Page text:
Harrisburg_Storm_Stella_TrucBrushMarch 14th 2017 will be a day that many remember as Storm Stella hammered their community leaving a blanket of 2 feet of snow and covering up any signs of Spring.  These blizzard conditions for the mid-Atlantic and Northeast remind us that March is still a month when major snow accumulations can occur.  CNN reports that Stella has put 18 million under blizzard warning.  Held up in my hotel room in Harrisburg to avoid missing the Pennsylvania Motor Truck Association’s Safety Conference this week, I’m reminded too at how these snow events wreak havoc on all modes of transportation.  The airport in Boston as I left showed more ‘cancelled’ notices on the departing and arriving boards than I have seen in years.   Talking with a friend who works for a large freight company I hear about the crazy amounts of work for their employees to redirect parcels from truck to rail to any means that will prevent the inevitable slowdown of the 24/7 cargo hum. Then there are the truck drivers seeking safe parking spaces to wait out Storm Stella, but as we all know, those parking spaces are becoming fewer and fewer in these areas.  Only the municipal and snow service contractors’ plow trucks are out working hard to try to keep the main roadways clear. These unsung heroes of winter have a big challenge:  Storm Stella’s fast and fierce snow falling, which is impacting visibility and their ability to stay on top of the snow clearing.   At TrucBrush, we care about safety.  We hope that after Storm Stella moves offshore that everyone will remember the importance of clearing snow off their cars, trucks, trailers and buses to prevent roadway hazards days after Stella is just a March memory.   #driversafety #stormstella #transportation

In Terms of Snow

Posted by | fleet maintenance, snow removal | No Comments

Avid skiers know all the snow condition terminologies—corn snow, powder, packed powder, slush—so they will be prepared for what they are sliding on.  The same holds true for those of us who must follow weather forecasts to manage snow plowing or clearing snow off the tops of trucks and trailers.  Last week’s Nor’easter was described by those forecasting the approaching storm in many ways, but the term that stuck most in my mind was ‘Guerrilla Glue.’  Meteorologist Frank O’Laughlin used Guerrilla Glue in his forecast to describe a snow consistency that would be heavy and wet.  It would cling to trees and electrical lines and probably cause power outages.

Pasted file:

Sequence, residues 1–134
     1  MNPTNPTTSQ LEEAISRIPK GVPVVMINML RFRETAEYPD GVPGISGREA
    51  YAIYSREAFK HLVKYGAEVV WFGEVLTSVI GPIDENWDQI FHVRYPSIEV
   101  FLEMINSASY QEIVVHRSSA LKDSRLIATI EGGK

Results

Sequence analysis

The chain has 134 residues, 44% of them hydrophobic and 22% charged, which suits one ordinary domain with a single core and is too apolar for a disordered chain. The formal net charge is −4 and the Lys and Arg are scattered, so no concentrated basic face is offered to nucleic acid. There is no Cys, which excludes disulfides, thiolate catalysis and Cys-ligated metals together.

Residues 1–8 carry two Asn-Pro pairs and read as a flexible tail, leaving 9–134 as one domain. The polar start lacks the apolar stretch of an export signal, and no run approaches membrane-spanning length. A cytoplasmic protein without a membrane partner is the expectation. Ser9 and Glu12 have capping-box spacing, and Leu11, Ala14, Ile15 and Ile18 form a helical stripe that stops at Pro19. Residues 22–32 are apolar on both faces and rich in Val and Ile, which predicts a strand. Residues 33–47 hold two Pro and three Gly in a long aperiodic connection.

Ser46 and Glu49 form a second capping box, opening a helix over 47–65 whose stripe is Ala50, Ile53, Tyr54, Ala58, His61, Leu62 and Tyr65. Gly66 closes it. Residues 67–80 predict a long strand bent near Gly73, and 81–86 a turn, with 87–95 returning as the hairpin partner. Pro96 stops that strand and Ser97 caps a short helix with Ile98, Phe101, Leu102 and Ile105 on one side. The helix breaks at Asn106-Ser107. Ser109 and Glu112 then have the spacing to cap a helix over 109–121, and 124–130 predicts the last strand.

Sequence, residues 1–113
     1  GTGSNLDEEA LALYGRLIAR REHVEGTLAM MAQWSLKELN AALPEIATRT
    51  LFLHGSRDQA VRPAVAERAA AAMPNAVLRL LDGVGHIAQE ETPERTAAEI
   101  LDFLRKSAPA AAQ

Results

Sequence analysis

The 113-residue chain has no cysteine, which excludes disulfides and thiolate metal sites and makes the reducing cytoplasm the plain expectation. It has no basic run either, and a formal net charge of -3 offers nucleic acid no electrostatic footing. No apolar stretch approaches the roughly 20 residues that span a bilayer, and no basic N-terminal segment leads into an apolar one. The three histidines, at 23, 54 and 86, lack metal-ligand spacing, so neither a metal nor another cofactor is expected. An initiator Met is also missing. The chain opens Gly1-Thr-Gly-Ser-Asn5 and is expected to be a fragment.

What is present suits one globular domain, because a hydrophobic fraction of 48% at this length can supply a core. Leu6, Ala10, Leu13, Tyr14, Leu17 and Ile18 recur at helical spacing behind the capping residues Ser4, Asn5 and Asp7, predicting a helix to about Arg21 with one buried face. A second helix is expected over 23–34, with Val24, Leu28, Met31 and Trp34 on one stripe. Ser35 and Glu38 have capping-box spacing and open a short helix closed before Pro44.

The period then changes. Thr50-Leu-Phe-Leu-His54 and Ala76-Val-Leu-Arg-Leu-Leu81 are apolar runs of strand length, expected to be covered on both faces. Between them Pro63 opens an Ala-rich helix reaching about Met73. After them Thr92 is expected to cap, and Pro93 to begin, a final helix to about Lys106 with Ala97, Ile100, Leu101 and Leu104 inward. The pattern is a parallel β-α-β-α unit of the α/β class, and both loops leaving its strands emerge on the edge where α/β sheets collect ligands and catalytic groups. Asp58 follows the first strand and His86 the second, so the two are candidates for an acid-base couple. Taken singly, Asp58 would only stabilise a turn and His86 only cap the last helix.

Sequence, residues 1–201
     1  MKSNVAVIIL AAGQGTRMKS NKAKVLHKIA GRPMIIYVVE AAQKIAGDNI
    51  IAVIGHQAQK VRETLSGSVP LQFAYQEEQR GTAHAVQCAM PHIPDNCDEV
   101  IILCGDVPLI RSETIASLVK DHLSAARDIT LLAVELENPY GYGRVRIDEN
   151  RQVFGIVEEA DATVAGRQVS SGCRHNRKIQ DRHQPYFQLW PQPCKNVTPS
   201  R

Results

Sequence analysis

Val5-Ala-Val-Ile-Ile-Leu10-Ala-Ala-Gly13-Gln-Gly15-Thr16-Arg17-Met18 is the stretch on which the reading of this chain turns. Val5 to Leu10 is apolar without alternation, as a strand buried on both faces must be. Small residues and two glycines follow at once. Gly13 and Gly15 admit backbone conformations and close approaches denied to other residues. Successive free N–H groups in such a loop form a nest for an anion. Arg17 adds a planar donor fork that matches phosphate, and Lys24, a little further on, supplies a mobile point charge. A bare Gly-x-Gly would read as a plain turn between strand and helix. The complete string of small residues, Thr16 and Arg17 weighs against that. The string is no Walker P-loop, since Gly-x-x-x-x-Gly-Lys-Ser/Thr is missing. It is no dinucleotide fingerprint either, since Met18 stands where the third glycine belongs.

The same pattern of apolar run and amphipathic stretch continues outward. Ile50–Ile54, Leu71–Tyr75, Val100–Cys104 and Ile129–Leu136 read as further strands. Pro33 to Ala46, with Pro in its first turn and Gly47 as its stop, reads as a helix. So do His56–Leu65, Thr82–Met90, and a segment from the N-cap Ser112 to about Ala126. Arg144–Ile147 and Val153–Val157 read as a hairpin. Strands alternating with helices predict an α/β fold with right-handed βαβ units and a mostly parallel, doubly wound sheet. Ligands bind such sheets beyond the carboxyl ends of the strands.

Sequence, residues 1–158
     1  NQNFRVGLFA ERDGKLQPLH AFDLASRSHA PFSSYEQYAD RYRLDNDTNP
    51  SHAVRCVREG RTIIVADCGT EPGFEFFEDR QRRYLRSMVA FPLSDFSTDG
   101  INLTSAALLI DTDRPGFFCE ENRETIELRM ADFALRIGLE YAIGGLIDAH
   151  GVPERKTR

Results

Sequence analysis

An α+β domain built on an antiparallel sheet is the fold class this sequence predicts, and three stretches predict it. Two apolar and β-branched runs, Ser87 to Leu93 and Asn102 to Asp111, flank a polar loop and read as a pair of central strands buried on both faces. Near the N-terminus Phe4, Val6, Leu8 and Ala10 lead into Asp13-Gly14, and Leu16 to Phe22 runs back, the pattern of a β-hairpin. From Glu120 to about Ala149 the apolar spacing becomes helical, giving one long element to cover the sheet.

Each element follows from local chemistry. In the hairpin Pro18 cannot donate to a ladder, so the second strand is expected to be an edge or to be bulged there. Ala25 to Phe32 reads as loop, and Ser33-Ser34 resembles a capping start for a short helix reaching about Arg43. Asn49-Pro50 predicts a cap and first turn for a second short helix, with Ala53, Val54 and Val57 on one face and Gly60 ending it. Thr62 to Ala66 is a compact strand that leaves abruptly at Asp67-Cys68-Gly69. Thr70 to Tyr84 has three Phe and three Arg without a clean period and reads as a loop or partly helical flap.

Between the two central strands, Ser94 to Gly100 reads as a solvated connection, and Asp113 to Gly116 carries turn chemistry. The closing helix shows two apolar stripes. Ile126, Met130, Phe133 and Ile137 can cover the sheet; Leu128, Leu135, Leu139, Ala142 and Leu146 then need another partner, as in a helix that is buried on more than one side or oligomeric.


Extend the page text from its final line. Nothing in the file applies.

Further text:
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Snow and icy debris flying off trucks, trailers, buses and other vehicles in transit can cause damage and injury.

Wet heavy snow can also be a challenge for the transportation industry because it clings to the tops of vehicles.  When temperatures drop after it falls, as they did with this storm, the snow can become a crusty, icy, hard-packed mess.   This snow, when accumulating quickly, also adds to a trailer’s weight.   More importantly, it becomes a safety concern when it is not cleared from trucks, trailers and any passenger vehicle before transit.   In the aftermath of this recent heavy snow storm, we saw news stories across the Northeast of vehicles hit by flying snow and icy debris, as well as falling tree limbs which resulted in tragedy.

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TrucBrush at Pilot Flying J Travel Centers in Sturbridge MA and Milford CT will be available all winter.

This type of snow consistency, however, is effectively addressed by TrucBrush, a patented, mobile brush device that quickly clears heavy wet snow from the tops of trucks and trailers.  After this February storm, our clients reported that TrucBrush easily cleared the heavy snow from their trucks and trailers.  Even trailers which were not scheduled to leave terminals were cleared so that the heavy snow accumulation would not cause damage to the trailers due to excess weight.

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TrucBrush clears snow in approximately one minute from a tractor-trailer.

TrucBrush Services were also available in Connecticut and Massachusetts at Pilot Flying J Travel Centers #255 and #222 where truck drivers took advantage of having a quick, safe and effective means to remove the accumulated heavy snow from their trailers.  (Services at these two Pilot locations will continue to be available all this winter.)  Truckers took advantage of the service to eliminate the potential for flying snow debris in transit and in some cases to also avoid being over the limit prior to weighing in on the CAT Scale.  As with skiers who get the most out of their runs by being prepared, these dedicated truck drivers knew the type of snow they were dealing with and they were able to easily address it with TrucBrush.

For more information on TrucBrush, email info@TrucBrush.com.